EDITORIAL: Worthy trio joins the hallThe people who want to change things are the ones who make history. Regardless of their success or failure, their place in history comes from the fact that they don’t just accept the lives into which they were born.
The people who want to change things are the ones who make history. Regardless of their success or failure, their place in history comes from the fact that they don’t just accept the lives into which they were born.
Goodhue County Historical Society Executive Director Char Henn included that message in her talk last Wednesday on Women’s History Month. Moments later, Women’s Network inducted three people into the Red Wing Women’s Hall of Fame. All three have dedicated their lives to bringing about change.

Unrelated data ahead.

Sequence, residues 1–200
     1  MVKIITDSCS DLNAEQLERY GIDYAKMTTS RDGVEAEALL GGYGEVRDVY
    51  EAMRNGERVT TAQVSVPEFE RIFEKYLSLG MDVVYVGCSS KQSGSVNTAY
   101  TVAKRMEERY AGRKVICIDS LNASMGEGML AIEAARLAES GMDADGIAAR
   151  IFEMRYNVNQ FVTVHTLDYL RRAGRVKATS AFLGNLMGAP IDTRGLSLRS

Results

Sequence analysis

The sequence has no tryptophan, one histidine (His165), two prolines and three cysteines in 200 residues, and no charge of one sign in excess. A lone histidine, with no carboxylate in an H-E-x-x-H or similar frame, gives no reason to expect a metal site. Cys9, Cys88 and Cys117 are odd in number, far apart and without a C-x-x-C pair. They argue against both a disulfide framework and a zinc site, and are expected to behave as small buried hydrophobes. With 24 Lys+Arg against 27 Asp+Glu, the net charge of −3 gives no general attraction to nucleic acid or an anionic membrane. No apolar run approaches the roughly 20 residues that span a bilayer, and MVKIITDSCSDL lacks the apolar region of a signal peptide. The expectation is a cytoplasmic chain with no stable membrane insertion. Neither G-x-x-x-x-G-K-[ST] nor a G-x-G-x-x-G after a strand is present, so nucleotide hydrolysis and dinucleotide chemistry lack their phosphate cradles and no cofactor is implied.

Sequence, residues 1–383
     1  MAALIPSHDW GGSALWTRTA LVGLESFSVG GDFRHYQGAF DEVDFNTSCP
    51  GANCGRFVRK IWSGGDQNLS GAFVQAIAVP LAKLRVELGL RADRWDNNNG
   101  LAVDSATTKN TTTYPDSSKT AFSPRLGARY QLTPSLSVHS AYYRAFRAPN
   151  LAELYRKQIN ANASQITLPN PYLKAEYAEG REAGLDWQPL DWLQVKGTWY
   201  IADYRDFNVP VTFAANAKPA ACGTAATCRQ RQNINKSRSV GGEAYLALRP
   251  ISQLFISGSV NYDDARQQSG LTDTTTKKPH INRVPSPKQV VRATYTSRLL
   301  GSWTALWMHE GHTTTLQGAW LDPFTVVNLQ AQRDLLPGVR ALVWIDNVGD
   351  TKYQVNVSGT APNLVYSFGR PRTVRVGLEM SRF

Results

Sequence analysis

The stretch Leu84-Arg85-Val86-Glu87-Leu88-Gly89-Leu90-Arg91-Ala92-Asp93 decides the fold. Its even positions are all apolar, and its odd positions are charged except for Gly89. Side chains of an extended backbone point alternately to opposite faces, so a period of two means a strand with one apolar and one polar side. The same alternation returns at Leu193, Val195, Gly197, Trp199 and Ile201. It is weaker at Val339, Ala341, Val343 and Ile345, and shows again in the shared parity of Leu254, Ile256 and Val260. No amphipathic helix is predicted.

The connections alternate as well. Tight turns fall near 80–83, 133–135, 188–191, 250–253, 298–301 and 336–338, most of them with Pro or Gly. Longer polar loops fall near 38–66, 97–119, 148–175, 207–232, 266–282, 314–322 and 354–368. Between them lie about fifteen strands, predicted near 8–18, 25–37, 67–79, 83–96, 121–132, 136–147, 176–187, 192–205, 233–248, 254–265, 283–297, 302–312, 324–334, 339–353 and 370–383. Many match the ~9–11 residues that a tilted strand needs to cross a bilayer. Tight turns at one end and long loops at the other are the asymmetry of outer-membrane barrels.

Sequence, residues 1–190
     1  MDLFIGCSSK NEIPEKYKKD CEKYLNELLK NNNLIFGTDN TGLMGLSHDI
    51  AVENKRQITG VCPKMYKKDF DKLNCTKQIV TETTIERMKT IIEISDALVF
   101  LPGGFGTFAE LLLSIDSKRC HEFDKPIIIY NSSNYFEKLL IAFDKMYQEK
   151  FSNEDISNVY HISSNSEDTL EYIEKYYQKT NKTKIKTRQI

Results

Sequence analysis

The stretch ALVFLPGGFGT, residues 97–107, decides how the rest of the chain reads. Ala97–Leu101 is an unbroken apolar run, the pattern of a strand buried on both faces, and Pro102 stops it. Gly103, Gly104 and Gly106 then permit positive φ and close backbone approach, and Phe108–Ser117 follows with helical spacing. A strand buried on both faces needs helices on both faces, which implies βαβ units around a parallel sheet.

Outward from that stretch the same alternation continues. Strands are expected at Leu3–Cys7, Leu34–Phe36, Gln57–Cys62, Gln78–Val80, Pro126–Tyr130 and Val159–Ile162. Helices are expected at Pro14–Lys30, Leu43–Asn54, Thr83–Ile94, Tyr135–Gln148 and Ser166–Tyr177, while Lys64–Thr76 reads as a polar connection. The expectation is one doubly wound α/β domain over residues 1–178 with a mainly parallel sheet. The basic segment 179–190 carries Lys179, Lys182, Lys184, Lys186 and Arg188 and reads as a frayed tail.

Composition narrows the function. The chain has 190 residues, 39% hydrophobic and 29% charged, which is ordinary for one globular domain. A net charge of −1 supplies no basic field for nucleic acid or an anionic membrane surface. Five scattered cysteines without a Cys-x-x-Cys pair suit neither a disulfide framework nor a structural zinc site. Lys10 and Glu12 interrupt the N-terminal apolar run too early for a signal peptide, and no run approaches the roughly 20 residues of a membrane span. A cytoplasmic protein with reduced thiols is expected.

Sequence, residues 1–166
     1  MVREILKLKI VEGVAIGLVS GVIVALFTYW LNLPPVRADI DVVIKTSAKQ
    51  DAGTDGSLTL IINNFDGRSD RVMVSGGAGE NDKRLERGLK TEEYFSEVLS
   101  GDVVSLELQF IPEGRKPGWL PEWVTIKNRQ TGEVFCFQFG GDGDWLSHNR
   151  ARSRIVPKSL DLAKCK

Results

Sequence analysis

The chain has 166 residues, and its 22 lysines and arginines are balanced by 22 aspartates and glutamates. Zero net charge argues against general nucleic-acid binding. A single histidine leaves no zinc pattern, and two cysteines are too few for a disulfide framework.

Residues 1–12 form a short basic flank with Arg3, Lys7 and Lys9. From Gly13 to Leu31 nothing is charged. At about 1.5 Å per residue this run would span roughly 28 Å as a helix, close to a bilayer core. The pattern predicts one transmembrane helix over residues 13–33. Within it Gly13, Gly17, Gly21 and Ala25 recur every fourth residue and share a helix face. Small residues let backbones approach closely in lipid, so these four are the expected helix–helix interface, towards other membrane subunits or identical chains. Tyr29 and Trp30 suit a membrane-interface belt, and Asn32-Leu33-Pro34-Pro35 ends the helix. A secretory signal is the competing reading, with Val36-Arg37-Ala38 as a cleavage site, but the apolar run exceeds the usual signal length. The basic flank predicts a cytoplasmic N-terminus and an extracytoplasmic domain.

Audrey Bennett made history as the first woman Prairie Island Tribal Council president. Born to a repressed and economically depressed people, she grew up believing things could be better. She has used her numerous leadership opportunities to break that mold for herself and the community.
Roseanne Grosso goes into the history books as the first woman Goodhue County commissioner. While no longer in office, she spends as much time as ever serving on commissions, panels and councils for local government. She knows that you don’t have to be elected to help implement changes that will make this a better place tomorrow, next year and a generation from now.
Linda Thielbar is the ultimate citizen activist. She steadily works on her own and in organizations to ensure people’s rights and to promote opportunities for all people — but especially for girls and women, children and families.
To quote Henn: “History is made by people who ask why something is the way it is and follow it up with: Why can't it be different and how do we make it happen?”
Bennett, Grosso and Thielbar continue to make things happen. They are fitting additions to the hall of fame.